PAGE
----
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by Archives March 22, 2006

Shrift
Lost in a Moment
(Six Degrees Records)

Lost in a Moment is a fitting title for the debut album from British singer/songwriter Nina Miranda and producer Dennis Wheatley, as you certainly feel like you’re being taken far, far away, where nothing and no one else matters except the music you hear. With soothing feminine vocals sung in various languages, organic samples taken from everyday life and transformed into mysterious and magical sounds, Shrift presents a record that is calm, relaxing, and suited to those who love ambient, slow-paced electronic music. At times exotic, at times familiar, the album succeeds at keeping you in a very mellow state of mind, and only once brings you out of this trance on the more upbeat “On the Floor.” Definitely for fans of genre, or else you might find yourself being lulled to sleep to the sounds of the record. Then again, who’s to say this isn’t what Shrift intended in the first place?

4.25/5
-Stephanie Ng Wan

Magneta Lane
Dancing with Daggers
(Paper Bag Records)

The Canadian all-female trio Magneta Lane present Dancing With Daggers as their first full-length CD. With only ten songs, the album clocks in at less than 30 minutes of indie rock, made especially distinct by Lexi Valentine’s unique voice. But her voice isn’t one that would necessarily have mass appeal, and can be rather hard on the ears at times. The fact that most tracks are fun and quite danceable does make up for some of this, but with no song over three-and -a-half minutes, Dancing With Daggers leaves you feeling like you’ve only had a taste of what these women can do. What this album seems to lack is sincerity: any attempt at expressing emotion feels distance and/or forced. While all the ingredients are there; passionate lyrics, original vocals, and musical talent, Magneta Lane just need to work on getting the right recipe to pull it all off with more authenticity.

3/5
-Stephanie Ng Wan

NOFX
Never Trust A Hippy
(Fat Wreck Chords)

NOFX’s teaser for their upcoming release Wolves in Wolves’ Clothing, is just that: a teaser. After listening to the six-song EP, listeners are left wanting more. Never Trust A Hippy include the band’s signature harmonies, catchy riffs and genius bass lines. Their lyrics are tongue-in cheek and totally relatable proving that although the band isn’t getting younger, they’re still as “au courant” as ever mentioning “podcasts” and “ebay” in their songs. Their first single, “Seeing Double At The Triple Rock,” is sure to be a hit and the acoustic jewel, “You’re Wrong,” showcases the band’s more serious side. NOFX created their own sound early on in their career, and rightfully so have stuck with it. They’ve never really stepped out of their box, but have just worked on making it stronger. This EP is a breath of fresh air in a scene that so desperately needs it. The band never ceases to impress.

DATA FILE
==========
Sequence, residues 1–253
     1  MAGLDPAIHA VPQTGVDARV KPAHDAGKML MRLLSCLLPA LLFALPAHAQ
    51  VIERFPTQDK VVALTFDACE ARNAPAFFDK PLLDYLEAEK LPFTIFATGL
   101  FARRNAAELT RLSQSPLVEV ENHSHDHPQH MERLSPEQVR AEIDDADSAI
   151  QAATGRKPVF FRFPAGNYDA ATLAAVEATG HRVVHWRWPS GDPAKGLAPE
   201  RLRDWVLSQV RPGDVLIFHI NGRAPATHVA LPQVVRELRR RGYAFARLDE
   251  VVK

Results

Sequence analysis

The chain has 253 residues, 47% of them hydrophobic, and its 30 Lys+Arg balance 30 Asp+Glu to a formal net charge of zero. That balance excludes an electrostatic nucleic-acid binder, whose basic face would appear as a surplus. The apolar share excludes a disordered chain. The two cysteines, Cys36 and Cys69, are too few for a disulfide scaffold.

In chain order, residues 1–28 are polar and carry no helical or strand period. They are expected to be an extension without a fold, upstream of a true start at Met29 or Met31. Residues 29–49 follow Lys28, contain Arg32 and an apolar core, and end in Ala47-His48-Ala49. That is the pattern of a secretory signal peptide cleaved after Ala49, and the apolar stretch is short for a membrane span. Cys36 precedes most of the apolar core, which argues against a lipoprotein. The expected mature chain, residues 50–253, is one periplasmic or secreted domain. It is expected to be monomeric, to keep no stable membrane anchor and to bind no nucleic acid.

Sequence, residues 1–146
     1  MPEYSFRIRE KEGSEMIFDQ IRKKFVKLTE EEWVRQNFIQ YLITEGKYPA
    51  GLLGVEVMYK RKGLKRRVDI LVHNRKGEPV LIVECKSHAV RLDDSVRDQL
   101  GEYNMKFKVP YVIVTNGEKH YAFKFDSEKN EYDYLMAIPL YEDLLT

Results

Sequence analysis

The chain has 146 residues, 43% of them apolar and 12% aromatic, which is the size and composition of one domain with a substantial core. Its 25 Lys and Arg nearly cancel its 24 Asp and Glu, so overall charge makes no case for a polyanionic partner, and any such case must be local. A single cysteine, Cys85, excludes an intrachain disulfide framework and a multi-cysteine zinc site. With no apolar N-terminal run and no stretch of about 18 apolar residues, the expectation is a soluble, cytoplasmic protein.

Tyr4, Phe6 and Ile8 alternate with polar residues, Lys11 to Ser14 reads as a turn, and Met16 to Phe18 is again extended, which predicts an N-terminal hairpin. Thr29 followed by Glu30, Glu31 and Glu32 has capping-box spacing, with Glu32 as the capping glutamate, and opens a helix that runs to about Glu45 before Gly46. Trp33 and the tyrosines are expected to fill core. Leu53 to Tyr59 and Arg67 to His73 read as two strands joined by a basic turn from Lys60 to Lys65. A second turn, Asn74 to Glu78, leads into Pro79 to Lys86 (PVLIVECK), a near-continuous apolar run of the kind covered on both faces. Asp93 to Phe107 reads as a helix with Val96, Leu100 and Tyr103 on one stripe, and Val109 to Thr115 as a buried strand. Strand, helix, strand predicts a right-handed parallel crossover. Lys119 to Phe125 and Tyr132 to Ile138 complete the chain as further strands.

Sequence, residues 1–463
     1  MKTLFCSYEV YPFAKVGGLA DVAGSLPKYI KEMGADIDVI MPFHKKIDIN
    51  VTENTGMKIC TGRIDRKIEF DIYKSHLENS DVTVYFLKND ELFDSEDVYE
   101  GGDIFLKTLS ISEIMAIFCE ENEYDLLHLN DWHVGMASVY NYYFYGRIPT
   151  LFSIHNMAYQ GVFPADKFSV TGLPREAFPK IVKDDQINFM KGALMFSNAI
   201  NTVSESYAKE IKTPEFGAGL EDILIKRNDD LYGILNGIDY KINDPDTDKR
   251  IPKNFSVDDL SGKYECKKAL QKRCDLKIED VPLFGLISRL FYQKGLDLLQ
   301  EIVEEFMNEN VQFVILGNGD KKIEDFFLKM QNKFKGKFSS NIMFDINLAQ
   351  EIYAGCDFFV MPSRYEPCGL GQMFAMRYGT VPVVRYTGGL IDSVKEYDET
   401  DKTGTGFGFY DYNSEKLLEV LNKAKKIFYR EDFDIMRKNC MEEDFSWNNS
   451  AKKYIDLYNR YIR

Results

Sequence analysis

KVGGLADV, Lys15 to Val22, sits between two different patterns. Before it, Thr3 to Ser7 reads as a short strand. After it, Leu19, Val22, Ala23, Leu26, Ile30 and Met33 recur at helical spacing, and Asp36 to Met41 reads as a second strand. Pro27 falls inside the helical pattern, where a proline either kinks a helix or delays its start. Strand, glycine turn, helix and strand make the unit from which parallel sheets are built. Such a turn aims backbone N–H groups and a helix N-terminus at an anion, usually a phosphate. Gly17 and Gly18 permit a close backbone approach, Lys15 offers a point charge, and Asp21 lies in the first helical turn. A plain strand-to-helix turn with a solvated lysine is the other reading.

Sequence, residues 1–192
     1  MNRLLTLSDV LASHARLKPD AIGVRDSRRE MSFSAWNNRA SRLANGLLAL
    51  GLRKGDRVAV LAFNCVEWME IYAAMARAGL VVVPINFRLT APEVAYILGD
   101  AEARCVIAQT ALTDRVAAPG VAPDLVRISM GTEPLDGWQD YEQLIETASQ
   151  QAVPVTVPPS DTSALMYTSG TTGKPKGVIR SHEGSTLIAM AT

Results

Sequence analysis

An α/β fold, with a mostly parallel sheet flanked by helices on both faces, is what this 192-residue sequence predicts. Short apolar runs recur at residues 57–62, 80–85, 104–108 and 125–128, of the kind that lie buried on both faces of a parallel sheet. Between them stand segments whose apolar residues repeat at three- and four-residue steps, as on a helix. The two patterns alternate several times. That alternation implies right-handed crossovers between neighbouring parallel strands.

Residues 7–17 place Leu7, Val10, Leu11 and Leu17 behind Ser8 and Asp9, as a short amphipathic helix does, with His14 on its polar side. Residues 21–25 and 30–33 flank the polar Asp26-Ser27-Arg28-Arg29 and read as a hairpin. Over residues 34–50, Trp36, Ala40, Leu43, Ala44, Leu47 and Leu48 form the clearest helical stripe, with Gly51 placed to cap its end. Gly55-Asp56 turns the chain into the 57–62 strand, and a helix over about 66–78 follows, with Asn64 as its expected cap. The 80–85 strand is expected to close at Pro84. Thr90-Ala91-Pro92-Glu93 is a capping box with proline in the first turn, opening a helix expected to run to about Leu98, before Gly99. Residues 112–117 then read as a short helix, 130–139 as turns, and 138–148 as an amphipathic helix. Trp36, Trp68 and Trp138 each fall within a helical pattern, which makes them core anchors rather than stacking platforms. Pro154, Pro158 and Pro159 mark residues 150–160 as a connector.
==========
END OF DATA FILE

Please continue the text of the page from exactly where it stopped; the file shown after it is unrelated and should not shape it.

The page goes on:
4.25/5
-Melissa Hetu

Anti-Flag
For Blood And Empire
(Sony BMG)

For Blood And Empire is the major label debut for the Pennsylvania quartet, Anti-Flag. Unfortunately ,more money doesn’t necessarily equate to a better record. Though the package has improved, the content is somewhat redundant. The 13 songs presented on For Blood And Empire are a continuation of their two previous albums with a few modifications providing some much needed variety. The mixing on this record correctly emphasizes the band’s intricate bass lines. Justin Sane and Chris #2’s vocals are better harmonized and sound cleaner. Overall, similar songs but in a better package.

The thing about Anti-Flag is that you have to be in the right mood to really appreciate the record. You have to want to be preached to and willing to hear songs that blatantly discuss politics. The record definitely won’t please all.

3/5
-Melissa Hetu

Second Face
Live Free or Die Tryin’
(Districk Music)

Second Face is yet another French-speaking band staking a claim at stardom with a rock album. But do they really stand out? Well, quite frankly, no.

Tackling every teenager’s favourite topics, such as break-ups, parental alienation, and a burning desire to become someone unique, with mind-numbing guitar riffs, fails to leave any kind of impression, let alone a lasting one.

With most of their songs sounding painstakingly similar, a quick listen to this album will have anyone’s head spinning, not banging.

One of their songs is even titled “N.K.O.T.B.” Yes, your pop culture is still accurate; they are blatantly referring to pop phenomenon The New Kids On The Block. This reference seems logical when you consider that, in a few years from now, their career will fall into oblivion, following the same track as the band they seem to admire so much.

2/5
-Bruno Lapointe

Bullet for my Valentine
The Poison
(Trustkill Records)

The Poison starts off with a nice, sweet intro with cellos. It then proceeds into the usual screaming/ singing vocal style that bands of this nature are usually made fun of for. But they ARE good vocals. Nice arrangements and the odd cellos here and there do give it taste. Bullet for my Valentine is nothing new, although they are good at what they do. If you are a fan of the Used or other various “screamo” bands, this CD is a must for you. If you like to make fun of everyone that enjoys “screamo” bands, you will enjoy the fact that their CDs now come with assorted band trivia trading cards, Dungeon and Dragon style.

3/5
-Lindsay Wood

Duncan Sheik
White Limousine
(Zo

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